• Mr. G. H. Shreever says in the View neighborhood there is a one hundred acre wheat field, that is ready for cutting.
  • John Shaffer has been selling some mighty fine strawberries. He raises them as large as peaches and has a half a dozen different varieties.
  • Mr. George Hughes of Weston advertises the Rose Eran, an Irish potato new in this section. He has been raising potatoes all his life and pronounces this the best variety he has found.
  • Mr. A. J. Bennett, of Tolu, was in town Tuesday. He is one of the extensive farmers of the Tolu section, the greatest corn growing neighborhood in the district. Mr. Bennett has 300 acres of corn planted.
  • J. H. McDowell of Shady Grove says there will not be more than half the acreage of tobacco in his section this year.
  • Mr. J. F. Conger, one of the thrifty farmers of Pleasant Hill neighborhood, had nine acres of tobacco set the middle of last week.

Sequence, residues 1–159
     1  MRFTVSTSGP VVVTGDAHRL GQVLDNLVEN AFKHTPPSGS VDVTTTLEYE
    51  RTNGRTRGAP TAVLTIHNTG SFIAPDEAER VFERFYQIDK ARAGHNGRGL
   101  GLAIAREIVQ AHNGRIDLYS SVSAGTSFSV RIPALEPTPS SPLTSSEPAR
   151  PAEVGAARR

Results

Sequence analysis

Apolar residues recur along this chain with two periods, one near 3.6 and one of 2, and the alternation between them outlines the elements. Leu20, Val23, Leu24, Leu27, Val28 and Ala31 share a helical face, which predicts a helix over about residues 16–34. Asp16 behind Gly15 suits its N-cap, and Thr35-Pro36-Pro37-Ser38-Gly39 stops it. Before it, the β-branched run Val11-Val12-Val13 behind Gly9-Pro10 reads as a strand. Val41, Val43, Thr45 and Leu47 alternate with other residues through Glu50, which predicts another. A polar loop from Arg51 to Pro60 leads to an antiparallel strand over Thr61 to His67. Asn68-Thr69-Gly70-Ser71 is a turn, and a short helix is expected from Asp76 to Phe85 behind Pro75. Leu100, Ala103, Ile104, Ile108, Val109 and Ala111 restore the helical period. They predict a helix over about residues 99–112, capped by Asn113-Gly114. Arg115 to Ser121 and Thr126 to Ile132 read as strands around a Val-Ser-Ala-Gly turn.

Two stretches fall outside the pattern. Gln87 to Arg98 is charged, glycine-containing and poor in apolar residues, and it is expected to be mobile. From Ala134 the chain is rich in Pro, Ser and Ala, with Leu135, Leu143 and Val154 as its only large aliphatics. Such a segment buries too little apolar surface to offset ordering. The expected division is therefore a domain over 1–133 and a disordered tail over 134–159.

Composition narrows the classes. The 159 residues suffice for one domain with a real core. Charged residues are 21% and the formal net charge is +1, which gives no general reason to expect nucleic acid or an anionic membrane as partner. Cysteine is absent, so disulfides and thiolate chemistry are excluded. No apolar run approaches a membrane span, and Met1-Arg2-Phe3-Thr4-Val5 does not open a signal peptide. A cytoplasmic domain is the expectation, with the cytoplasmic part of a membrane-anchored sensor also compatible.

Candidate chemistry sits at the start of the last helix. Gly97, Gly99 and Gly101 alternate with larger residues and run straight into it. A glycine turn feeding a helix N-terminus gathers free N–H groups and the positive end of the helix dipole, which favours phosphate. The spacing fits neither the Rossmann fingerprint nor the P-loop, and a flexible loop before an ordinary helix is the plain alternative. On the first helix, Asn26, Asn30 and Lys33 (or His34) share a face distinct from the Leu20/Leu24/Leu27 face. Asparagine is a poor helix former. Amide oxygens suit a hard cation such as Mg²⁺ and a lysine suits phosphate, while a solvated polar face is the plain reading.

• W. C. Tyner has plowed his corn three times and says he has the best in the neighborhood.
  • Squire E. H. Taylor, of New Salem, as he is familiarly known, has one of the prettiest homes on the Salem Road, and has a fine farm too. He is a successful farmer, while making his farm produce well.
  • Joe Samuels of Repton was delivering corn to parties in town yesterday.
  • George D. Kemp of Shady Grove brought his old reaper down to town Wednesday and exchanged for a new one.
  • Horace Williamson is the only man who reports that he will have a larger acreage of tobacco this year than last.
  • Mr. E. L Nunn of Bells Mines was in town Tuesday. When called on for the news he said with enthusiasm "A fine rain yesterday, we are up with our work and crop prospects are encouraging.
  • Mr. Owen Boaz, who owns a pretty farm on the Dycusburg Marion Road, was in town. Mr. Boaz is one farmer who does believe in the virtue of commercial fertilizers. He is in good spirits over the prospects of a good crop.
  • Mr. William H. Bigham reports that the farmers of Chapel Hill neighborhood are done setting out tobacco.

Sunday, September 28, 2008

Oak Hall Community Items

Let's take a visit to the little community of Oak Hall and see what was happening in the year 1911. This community was located in the western area of our county. Another community close by was Forest Grove. Visiting and keeping in touch with your neighbors was a very important part of these people's lives.